The South Carolina Supreme Court rejected borrowers’ claim that a lender engaged in the unauthorized practice of law by entering into a loan modification agreement with the borrowers. After defaulting on their mortgage loans, the borrowers entered into loan modification agreements with their lender. However, the borrowers defaulted on the mortgage and the lender initiated foreclosure proceedings. The borrowers petitioned the South Carolina Supreme Court for declaratory relief.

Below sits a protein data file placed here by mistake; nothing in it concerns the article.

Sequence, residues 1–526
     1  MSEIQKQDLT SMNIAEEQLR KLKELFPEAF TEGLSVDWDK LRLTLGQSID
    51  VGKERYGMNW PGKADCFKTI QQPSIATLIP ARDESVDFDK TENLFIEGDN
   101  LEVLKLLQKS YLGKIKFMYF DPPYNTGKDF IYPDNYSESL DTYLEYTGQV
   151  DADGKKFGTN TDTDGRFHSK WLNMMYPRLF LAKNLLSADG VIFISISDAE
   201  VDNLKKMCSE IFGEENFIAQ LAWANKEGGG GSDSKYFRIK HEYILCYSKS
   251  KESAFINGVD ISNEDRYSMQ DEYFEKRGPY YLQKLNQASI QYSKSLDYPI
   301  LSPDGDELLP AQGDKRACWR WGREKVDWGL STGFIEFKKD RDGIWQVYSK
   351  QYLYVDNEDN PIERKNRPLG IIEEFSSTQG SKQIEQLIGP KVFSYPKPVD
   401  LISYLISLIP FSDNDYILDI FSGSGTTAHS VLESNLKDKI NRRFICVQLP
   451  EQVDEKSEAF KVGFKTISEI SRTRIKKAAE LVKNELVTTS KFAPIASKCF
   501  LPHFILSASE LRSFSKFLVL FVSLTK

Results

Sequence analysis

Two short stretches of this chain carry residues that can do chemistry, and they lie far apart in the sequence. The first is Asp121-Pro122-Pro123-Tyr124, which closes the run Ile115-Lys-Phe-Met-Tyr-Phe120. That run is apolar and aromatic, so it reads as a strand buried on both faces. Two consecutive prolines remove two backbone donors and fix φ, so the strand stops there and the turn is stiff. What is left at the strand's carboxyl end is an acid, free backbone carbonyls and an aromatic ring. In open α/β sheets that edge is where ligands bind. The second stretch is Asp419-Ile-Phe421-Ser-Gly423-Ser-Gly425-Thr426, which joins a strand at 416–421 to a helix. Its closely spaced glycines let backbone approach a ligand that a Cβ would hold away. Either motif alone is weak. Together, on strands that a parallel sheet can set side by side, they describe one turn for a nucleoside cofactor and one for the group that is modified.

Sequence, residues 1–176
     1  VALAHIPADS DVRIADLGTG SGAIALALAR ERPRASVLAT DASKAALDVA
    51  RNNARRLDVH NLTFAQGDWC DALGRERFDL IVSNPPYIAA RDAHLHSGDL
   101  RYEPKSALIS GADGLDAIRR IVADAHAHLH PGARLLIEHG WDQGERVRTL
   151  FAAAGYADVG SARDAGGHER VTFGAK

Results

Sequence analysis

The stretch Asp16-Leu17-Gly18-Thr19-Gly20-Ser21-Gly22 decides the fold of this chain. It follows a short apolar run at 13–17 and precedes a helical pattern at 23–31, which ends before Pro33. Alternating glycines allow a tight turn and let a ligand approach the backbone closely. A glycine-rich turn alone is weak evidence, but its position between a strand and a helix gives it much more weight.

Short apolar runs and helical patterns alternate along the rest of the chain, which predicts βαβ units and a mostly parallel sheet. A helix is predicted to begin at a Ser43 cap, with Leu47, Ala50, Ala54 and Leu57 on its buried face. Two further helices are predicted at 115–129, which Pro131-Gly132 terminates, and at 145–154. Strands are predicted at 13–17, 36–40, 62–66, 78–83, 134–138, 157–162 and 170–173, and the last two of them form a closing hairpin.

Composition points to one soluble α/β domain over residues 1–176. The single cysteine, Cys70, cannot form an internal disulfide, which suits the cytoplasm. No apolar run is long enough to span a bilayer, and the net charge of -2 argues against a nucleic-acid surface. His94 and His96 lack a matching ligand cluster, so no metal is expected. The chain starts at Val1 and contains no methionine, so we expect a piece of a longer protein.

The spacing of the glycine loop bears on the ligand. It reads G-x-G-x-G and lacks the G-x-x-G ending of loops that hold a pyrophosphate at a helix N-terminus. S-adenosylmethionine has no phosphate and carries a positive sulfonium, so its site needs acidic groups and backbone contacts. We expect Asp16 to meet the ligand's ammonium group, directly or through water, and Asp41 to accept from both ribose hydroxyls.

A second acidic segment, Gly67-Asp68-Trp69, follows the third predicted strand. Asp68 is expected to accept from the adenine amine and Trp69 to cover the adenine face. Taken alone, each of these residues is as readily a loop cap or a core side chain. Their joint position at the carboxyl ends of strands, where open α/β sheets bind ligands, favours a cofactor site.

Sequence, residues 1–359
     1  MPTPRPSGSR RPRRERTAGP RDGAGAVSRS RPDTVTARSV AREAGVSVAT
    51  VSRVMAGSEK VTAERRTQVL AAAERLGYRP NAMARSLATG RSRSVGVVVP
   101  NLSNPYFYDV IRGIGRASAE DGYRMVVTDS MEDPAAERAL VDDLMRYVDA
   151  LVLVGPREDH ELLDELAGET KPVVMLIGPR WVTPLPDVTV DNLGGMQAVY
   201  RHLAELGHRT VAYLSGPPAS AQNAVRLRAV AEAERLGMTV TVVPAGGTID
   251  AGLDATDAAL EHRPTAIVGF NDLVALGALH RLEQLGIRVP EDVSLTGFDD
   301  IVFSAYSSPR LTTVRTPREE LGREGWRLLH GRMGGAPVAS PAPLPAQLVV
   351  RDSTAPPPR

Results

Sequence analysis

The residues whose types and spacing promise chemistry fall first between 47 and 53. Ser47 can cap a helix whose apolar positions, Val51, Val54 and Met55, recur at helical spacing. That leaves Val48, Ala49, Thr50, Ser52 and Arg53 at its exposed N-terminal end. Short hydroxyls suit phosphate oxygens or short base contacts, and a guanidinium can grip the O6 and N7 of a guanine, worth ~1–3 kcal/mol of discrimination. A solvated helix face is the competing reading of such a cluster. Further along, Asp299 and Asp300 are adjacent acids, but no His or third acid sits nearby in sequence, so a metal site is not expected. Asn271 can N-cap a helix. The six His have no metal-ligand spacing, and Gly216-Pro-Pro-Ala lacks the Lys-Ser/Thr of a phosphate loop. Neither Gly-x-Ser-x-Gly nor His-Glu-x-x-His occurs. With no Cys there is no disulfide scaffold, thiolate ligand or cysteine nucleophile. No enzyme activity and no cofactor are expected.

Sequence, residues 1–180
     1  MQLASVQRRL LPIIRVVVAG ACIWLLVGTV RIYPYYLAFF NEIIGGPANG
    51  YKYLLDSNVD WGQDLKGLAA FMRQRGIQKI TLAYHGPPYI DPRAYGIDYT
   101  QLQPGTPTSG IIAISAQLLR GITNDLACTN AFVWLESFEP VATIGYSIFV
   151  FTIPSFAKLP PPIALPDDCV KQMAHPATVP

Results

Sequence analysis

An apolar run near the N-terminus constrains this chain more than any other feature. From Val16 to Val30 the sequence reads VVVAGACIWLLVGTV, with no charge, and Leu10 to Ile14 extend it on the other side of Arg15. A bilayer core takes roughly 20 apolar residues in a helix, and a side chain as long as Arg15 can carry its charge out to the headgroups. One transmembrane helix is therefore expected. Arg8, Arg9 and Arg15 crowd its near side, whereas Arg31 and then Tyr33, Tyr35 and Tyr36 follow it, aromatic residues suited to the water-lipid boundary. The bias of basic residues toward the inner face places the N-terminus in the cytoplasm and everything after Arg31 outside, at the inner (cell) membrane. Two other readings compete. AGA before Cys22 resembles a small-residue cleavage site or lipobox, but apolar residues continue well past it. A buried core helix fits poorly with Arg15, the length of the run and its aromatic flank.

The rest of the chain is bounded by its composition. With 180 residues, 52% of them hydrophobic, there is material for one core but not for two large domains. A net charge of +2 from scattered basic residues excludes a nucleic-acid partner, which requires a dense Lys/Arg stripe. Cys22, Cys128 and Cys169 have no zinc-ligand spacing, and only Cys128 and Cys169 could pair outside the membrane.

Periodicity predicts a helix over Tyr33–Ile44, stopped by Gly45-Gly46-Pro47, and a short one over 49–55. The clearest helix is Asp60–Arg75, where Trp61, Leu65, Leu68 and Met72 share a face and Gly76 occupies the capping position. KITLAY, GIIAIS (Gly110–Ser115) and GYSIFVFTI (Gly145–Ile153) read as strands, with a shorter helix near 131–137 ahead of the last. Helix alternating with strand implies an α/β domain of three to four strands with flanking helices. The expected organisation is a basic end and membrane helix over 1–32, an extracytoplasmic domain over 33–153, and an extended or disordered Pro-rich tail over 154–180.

The South Carolina Supreme Court dismissed the borrowers challenge, holding that lenders do not engage in the unauthorized practice of law by preparing and mailing loan modifications to borrowers and recording the executed documents without participation of a licensed attorney. To hold otherwise, according to the Court, would "create a cost to the consumer outweighed by the benefit." The Court rejected the borrowers’ reliance on Doe v. McMaster, 585 S.E.2d 773 (2003), in which the Court mandated attorney supervision for refinancing of mortgages. The Court distinguished the loan modification process with refinancing of a loan noting that a loan modification is an adjustment to an existing loan to accommodate borrowers who have defaulted; whereas a refinancing is the issuance of an entirely new loan.